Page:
18. Create the feeling of home. I’m part of generation rent, and feeling like I have a place to call home is only a recent achievement (disclaimer: it’s still rented). I experience a lot of envy over home ownership, because I know it’ll be another decade before I can even consider it for myself. That being said, making a place feel like home is possible, and it’s through the repeated routines and acts of looking after our space that my boyfriend and I make our rented home feel like our own. We know one day we will have to move out, and the fear of that decision being made for us still looms over us (10+ homes and counting in the last decade) but for now, simply making the bed with extra pillows provides a sense of home that was lacking in so many of past flats.
19. Build bridges, don’t burn them. In my younger years, I’d run hot after being treated poorly by a client or agency. Nowadays, it’s something I simply expect. Is it right? No. But should I burn individual bridges instead of challenging an entire way of working? No. Out of the hundreds invoices I’ve sent in my years of working for myself, I’d bet that 70% of them were paid late. It’s something I feel so strongly about that I often catch myself pondering whether there’s an opportunity to unionise influencers, or represent content creators in a legislative capacity. For now though, the top-line message is true: build bridges, even if the person on the other end isn’t pulling their weight quite as much as you’d like.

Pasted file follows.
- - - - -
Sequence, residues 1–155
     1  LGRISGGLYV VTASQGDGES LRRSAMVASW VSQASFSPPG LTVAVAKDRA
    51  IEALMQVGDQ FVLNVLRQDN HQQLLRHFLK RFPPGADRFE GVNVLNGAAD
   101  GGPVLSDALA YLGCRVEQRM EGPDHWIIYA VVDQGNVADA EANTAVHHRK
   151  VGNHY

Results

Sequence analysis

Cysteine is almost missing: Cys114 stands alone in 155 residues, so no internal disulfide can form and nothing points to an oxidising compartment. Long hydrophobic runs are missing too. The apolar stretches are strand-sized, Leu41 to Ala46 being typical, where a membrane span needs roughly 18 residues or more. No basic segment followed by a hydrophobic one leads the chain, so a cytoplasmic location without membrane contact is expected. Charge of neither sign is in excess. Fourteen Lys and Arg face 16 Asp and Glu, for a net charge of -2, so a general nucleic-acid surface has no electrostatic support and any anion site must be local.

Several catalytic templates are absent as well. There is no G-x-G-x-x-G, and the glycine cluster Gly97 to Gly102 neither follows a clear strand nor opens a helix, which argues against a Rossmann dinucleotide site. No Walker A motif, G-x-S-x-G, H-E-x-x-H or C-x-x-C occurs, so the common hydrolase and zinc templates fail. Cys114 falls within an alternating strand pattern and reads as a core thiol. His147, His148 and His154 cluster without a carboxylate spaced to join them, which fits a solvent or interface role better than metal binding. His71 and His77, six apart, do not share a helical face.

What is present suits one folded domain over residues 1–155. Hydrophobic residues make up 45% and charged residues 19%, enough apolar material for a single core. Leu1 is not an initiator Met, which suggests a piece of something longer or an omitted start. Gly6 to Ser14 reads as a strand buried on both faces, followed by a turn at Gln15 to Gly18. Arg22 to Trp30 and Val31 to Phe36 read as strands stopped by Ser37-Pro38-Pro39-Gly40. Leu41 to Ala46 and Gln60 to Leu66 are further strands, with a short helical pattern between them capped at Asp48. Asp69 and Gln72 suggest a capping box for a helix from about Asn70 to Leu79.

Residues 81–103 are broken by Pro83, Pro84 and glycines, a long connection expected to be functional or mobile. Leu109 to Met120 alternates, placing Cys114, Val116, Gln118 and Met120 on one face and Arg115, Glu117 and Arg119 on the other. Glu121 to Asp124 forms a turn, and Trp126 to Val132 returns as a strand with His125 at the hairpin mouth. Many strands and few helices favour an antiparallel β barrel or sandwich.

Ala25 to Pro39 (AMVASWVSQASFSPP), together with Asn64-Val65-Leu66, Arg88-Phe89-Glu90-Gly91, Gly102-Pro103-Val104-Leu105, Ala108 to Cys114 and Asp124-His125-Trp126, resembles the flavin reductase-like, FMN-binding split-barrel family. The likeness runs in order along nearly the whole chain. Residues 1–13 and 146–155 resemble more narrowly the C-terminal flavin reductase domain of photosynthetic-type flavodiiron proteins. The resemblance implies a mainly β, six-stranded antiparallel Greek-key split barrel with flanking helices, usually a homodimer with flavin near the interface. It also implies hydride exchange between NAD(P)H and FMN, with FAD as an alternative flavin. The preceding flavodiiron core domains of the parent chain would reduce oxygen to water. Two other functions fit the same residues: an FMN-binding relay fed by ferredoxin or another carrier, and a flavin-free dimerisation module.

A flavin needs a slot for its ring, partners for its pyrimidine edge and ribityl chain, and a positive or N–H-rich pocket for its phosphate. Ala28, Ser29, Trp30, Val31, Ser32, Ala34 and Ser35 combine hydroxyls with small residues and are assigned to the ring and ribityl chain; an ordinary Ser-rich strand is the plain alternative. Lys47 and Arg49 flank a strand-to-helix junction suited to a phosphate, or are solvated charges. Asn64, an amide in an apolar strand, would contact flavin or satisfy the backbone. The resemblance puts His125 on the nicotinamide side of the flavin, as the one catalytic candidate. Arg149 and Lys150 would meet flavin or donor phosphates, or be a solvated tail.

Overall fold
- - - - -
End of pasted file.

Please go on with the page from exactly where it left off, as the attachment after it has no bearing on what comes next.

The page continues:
20. Spend time defining what you stand for, and what you will not stand for. My 20s were the decade where I carved out my personal values. Why did I stop eating meat? Here. Why did I stop shopping fast fashion? Here. Do you care about the suffering of others? Well, obviously. What about the desertification of the rainforest? It’s rough, but I can’t do everything. My 20s are sculpted by my blind learning of global problems and how I react to them, documented right here. Doing this shaped who I am today. And while it’s not possible to champion every cause, donate to every charity, or follow every sustainable belief, it is possible to decide your role in the climate movement. It’s something I store in my journal, and on my business plan alike. Don’t skip this step, whatever your age.
21. Define your style and lean into it. Despite spending an outrageous amount of time curating my wardrobe and caring for my clothes, the dreaded fear of wearing the wrong thing still sometimes jumps out at me, before a big event or sometimes in a dream. In the last decade, I’ve learned to hone my style, and since then, go on to define what clothes make me feel confident. From a quick scroll of my Instagram, you’ll note that I love to wear black, I almost always cinch my waist, and when in doubt, I’ll throw a blazer on. It’s taken me years to realise that style is about isolating certain looks, shapes, colours, and maintaining these, as opposed to following trends. And don’t let the fashion world fool you: there are designers – entire fashion houses – known for specific prints and silhouettes. Why shouldn’t you be that iconic too? How we dress is often a code that we fit in, but the way to always signal that is to be confident in your style.
22. Don’t pluck your eyebrows without looking up what an eyebrow looks like first. This is very specific advice to my 14-year-old self, whose mistakes have taken 15+ years to grow out, as well as a general piece of life advice. It’s a strength to recognise others doing something well, and looking up to them. That being said, copying people, or stepping on their toes, is never ok.